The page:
Also, I wonder what all those homebrew folks do with all the contaminated glycerine, wash water, and leftover methoxide. If you are making your fuel over a period of years, you could be saving the earth and creating a toxic Superfund site all at the same time.

If you are going to run headed WVO, you wouldn't have to process/dispose of any hazardous chemicals.

So, my question for those who have used headed WVO is how does the engine run on it? I know biodiesel has a much higher cetane than petro, but what about WVO?

Also, are there problems with used WVO (other than filtering requirements)? Is it acidic or have varnish?

Thanks for the info and links,

Sholin

p.s. Warranty---what's that? The youngest car I currently own is an '88 Corolla (hehe).
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  #7  
Old 03-28-2003, 12:12 PM
'82 300TD-T
 
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Sholin,

You're absolutely correct - it's the purity of homebrew bio that is most important. On older cars, a sloppy homebrew will erode the old rubber parts and fuel hoses. And the effort it takes to make a "clean" homebrew results in more waste materials. (Yes, I'm aware of what you can do with the waste materials...)

The upside to owning an older MB is the ability to run SVO/WVO, and not being "locked" into making biodiesel. If you own a brand new VW TDi, it's not really an option.

It sounds like you're leaning towards WVO. There are issues to be aware of (filtering, heating, acid and water content, etc.), but once you have fine tuned your system, you'll be happier.

Oh, and here's one more link: http://www.northwales.org.uk/bio-power/wvo.htm
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  #8  
Old 05-24-2003, 07:41 PM
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Sholin,

My '84 300D turbo runs great on WVO (SVO too, but no sense buying it when you can get it for free). I bought the car with 360k miles on it after driving a VW Golf Diesel on WVO.

I built a heated tank setup similar to the Greasel design (plastic tank with a heat exchanger in it, in the trunk). Now that the weather is staying around 50F min, I don't even bother starting and shutting down on diesel. If it sits all night after WVO shut down, starting is no more difficult than an average winter day..a little rough for a few seconds-that's it.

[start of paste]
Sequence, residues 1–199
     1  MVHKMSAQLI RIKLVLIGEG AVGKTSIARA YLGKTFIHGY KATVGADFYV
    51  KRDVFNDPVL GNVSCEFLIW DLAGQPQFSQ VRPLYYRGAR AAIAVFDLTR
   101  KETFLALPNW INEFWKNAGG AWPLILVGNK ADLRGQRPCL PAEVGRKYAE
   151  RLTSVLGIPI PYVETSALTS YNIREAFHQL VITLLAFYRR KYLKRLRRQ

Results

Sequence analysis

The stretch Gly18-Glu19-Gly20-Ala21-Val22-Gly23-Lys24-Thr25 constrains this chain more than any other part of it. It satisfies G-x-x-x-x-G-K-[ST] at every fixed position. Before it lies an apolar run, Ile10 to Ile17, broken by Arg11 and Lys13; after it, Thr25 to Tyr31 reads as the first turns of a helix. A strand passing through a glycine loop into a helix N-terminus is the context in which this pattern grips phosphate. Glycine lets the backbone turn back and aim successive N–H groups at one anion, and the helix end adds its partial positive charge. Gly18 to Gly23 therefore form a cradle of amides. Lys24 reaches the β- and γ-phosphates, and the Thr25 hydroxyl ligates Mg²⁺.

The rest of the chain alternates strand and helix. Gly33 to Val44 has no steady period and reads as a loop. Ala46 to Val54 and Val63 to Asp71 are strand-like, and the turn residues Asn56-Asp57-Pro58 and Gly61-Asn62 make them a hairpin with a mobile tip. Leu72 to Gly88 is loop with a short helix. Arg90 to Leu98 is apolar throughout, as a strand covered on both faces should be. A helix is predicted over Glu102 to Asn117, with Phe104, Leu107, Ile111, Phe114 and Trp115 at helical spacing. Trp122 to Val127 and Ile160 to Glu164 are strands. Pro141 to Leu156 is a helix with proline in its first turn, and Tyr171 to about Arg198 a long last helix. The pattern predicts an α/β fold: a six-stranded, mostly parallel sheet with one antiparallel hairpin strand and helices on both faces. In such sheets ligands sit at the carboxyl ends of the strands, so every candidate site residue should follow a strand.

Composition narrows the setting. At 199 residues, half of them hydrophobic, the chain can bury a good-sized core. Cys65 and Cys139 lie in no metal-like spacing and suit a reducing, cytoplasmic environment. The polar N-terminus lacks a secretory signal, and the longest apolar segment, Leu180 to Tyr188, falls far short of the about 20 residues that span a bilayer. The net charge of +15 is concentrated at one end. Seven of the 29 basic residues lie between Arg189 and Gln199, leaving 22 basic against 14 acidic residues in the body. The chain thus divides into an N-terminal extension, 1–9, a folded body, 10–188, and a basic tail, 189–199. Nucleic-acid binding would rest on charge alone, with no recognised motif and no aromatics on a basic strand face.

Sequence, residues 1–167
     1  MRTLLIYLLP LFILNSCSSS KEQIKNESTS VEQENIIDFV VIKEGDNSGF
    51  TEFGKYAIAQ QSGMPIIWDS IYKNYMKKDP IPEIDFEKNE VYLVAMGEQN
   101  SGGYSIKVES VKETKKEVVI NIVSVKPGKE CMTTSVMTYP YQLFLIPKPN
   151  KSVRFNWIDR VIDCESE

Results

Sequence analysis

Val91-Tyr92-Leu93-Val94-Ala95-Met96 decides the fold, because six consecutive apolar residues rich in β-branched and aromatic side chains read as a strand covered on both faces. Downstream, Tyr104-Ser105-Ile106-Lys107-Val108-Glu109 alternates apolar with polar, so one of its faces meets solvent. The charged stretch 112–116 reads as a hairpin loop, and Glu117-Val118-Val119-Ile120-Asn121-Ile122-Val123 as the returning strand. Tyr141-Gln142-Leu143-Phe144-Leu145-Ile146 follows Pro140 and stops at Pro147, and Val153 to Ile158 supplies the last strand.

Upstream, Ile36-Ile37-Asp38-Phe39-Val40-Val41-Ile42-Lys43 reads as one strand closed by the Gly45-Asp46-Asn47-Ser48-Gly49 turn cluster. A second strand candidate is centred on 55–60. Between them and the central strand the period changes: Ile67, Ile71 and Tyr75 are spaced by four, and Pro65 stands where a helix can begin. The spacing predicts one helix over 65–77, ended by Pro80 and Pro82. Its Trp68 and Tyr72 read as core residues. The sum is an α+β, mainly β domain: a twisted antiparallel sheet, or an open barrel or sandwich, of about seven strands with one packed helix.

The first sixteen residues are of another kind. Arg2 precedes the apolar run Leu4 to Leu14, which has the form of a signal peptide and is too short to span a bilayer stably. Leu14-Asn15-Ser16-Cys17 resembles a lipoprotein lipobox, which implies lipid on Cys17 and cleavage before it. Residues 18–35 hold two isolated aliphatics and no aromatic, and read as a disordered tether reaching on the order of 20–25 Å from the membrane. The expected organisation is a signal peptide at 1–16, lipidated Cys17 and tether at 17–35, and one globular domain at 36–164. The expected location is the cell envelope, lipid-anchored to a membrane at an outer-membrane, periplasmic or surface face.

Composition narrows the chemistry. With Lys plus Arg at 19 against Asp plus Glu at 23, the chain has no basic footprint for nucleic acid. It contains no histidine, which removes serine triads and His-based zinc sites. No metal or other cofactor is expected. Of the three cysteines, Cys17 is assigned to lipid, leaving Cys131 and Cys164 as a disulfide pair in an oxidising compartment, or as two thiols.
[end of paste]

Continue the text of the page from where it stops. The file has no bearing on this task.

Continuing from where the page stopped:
I'd agree that power is about like running on "winter diesel" but that's good enough for me. The engine definitely idles more quietly and there is little or no smoke, even under hard acceleration (where it would typically produce a nice black cloud on diesel).

As note earlier, I wouldn't run this on a new TDI with a warranty...but I intend to pick up one that's a little older and run that. I don't make any accomodation for acidity of the oil or do anything special to rid the oil of water. The veg oil filter I'm using in the car has a water separator that seems to be sufficient.

So, not for everyone, but works for me, creates less pollution out the pipe, lessens my dependence - at least - on petroleum.

fmb
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  #9  
Old 05-24-2003, 09:17 PM
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From what I understand, there is no alcohol in properly prepared biodiesel. The byproducts of biodiesel are methanol, which should be reclaimed by distillation from the glycerine. Glycerine will biodegrade on its own and is basically non-toxic. Lye is sold and used everyday for clearing drains. What little is left to get washed down the drain isn't gonna hurt anything. The rest of the waste would be food particles, etc. from the filtering of WVO and you have this problem with prepping WVO for straight use anyway. Water that is used to wash biodiesel will have very small amounts of lye and methanol in it provided the biodiesel was made correctly so again, down the drain. Is this a pollution issue? Maybe but likely quite a bit better than burning petro fuel so its a lesser of two evils thing. With WVO my concern is removing the salt, sugar, and water from it prior to use. This would require filtering, washing and drying. I know many people use it straight but I am not comfortable doing that. The other issue is the loss of space in the trunk. The best possible WVO conversion would remove the stock tank and put in a small petro tank of @5gallons for startup/shutdown and another @20gallon tank for WVO use. Obviously this would cost money. I use the trunk of my car regularly enough that installing another tank large enough to be practical, would severely limit my use of the trunk. I know guys like FmB carry around jerry cans of WVO so that they don't have to use petro on long trips but where do you put the luggage? Maybe you don't pack as much stuff as my wife when we travel.... I believe my money would be better spent on a biodiesel production system as I have not one, but 3 vehicles that would benefit and I don't mind using petro if I have to on long trips, travelling, etc. RT